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Hot off Stall Rest

This topic contains 3 replies, has 4 voices, and was last updated by  G & S 2 years ago.

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  • kristen_ressler Original Poster
    Topics Started: 2Replies Posted: 0

    My Appendix QH was on stall rest for 3 weeks, and then light turn out with an older mare for another 2 weeks. I can finally begin to work him lightly but he won’t have it! He just wants to go, go, go, because he’s finally feeling better (this was a check ligament injury, not severe, but enough to require some rest to let it heal) and I’m not sure what to do with him before we ride. We did give him a little Ace the first few times out but I’m not fond of medicating him every single time we go out. He’s in regular turn out right now, but he’s never been one to really expend his energy that way; he doesn’t run with the other 10 horses, just kind of mosey’s behind them if they start running. He is ignoring my hands, or doing his best to. THere is no such thing as a nice canter, he would rather gallop with me (which is a fun thing we do occasionally, run around the property like nuts!). Any suggestions? I have a small tub of perfect prep that maybe I can give him until he settles down? We used to do XC and jumpers and have settled into the hunters recently but we won’t win anything when we get back into the show ring if he continues this running out.

    pheets pheets
    Topics Started: 5Replies Posted: 475

    Long-lining might be a beneficial tool for both of you? Incorporate ground rails when more settled and listening a bit better…

    Sure there's right and wrong but mostly there's just a whole lotta different.

    Joe-Joe Joe-Joe
    Topics Started: 17Replies Posted: 1205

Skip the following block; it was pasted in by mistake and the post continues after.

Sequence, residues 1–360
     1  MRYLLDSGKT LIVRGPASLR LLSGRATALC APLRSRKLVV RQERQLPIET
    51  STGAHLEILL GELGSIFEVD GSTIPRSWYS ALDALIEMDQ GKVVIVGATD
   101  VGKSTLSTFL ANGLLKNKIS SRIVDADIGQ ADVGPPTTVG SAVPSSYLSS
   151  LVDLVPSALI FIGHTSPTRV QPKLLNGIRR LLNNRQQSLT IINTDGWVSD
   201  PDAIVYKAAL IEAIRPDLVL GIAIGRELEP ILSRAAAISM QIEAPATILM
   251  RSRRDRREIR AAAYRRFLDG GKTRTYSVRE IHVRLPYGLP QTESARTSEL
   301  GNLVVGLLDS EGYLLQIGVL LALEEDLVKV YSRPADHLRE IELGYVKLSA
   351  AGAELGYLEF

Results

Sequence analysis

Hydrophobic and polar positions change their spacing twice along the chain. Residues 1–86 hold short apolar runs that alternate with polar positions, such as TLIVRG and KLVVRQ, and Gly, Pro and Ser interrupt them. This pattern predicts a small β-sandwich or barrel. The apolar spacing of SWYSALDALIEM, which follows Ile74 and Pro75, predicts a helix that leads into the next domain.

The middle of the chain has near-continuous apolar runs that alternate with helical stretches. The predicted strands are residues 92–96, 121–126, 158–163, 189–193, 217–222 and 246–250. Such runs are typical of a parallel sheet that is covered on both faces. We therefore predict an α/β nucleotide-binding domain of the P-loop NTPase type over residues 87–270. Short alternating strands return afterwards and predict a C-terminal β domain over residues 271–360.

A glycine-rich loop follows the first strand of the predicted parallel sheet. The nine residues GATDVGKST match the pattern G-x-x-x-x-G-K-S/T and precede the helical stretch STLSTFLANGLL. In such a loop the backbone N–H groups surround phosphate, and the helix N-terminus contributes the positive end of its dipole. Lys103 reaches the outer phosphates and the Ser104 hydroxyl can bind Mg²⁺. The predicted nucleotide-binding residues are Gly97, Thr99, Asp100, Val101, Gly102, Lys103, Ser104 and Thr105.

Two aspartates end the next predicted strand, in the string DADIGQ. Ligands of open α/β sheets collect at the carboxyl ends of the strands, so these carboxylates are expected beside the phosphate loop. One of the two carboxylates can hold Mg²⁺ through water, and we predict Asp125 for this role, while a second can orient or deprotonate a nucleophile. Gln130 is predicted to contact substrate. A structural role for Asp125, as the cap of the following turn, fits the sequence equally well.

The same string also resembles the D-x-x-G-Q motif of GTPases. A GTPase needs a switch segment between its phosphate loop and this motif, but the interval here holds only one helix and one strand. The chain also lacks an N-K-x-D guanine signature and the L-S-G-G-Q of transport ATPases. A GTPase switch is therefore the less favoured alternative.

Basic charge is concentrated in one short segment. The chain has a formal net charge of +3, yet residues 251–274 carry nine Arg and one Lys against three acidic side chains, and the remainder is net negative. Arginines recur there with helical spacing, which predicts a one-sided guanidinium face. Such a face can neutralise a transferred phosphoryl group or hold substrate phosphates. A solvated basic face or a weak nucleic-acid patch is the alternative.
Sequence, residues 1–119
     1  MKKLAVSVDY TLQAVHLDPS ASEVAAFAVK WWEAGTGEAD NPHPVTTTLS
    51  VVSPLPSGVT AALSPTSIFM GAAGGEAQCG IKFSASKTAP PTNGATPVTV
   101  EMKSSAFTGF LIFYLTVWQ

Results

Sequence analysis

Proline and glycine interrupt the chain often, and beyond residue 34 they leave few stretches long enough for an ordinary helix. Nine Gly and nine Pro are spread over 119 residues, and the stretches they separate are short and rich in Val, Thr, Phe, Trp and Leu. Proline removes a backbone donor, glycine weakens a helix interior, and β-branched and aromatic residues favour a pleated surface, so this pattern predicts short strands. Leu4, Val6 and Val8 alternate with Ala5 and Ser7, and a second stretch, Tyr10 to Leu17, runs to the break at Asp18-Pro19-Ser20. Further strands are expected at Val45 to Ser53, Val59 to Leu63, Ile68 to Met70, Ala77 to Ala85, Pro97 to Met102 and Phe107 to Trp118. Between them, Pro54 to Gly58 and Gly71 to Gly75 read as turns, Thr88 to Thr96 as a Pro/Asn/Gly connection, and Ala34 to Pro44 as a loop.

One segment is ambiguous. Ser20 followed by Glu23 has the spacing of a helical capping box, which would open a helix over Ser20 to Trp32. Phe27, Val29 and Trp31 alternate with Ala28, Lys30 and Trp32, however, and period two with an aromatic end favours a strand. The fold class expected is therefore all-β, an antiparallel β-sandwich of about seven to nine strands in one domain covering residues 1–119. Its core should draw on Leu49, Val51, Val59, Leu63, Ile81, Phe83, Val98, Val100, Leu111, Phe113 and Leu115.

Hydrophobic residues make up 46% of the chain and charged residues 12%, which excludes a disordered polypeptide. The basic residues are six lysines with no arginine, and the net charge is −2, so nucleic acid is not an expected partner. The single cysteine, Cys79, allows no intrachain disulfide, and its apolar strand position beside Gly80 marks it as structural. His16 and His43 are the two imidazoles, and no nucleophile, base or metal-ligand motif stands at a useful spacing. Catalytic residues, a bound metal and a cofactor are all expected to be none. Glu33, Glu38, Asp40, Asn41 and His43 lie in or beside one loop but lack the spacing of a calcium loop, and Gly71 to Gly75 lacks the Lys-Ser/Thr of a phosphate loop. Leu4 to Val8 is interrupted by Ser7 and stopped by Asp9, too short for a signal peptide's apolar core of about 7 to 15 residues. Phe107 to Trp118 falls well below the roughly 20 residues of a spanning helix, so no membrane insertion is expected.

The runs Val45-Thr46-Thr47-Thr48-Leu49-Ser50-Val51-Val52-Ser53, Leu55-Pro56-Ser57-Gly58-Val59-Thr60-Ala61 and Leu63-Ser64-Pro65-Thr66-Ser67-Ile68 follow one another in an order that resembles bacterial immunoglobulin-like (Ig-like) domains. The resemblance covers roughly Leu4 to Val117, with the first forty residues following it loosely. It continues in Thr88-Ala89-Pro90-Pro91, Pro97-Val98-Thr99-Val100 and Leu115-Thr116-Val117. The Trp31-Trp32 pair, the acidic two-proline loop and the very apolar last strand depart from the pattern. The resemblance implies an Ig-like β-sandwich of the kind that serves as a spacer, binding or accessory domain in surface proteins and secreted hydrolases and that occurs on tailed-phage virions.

I agree with Pheets. You could also try just asking him to walk only, then walk/trot, and get him fitter (injury wise, sounds like the rest of him is ready to go) before asking for a canter.

    It is never the horse's fault

    G & S
    Topics Started: 16Replies Posted: 249

    It sounds like your guy has never been taught to listen to “whispered” rein commands. The basic idea is that if you normally ride with light but consistent contact, you can teach the horse to listen to your hands so that you need only to increase the amount of tension in your hands & fingers without moving your hands or elbows to instruct the horse to slow down. Conversely, if you lessen the tension in fingers and hands, again without changing the hand and elbow position, that change tells the horse to give you more power from the motor attached to the rear end, which can be expressed as more speed or a longer stride, depending on what other commands you simultaneously give with other parts of your body. I call this “riding the horse in your fingertips” as that is what it feels like. I did a long explanation of this technique in Joe-Joe’s topic “explaining that a show is not a race”, and referred to that post in the “Hot Arabian Mare” topic, where I also listed some additional information.

    This is not a quick fix. It takes time to teach the horse to listen to minute changes in your body, hand tension, etc. and it does help if you think of it as teaching the horse to listen to “whispered” commands.

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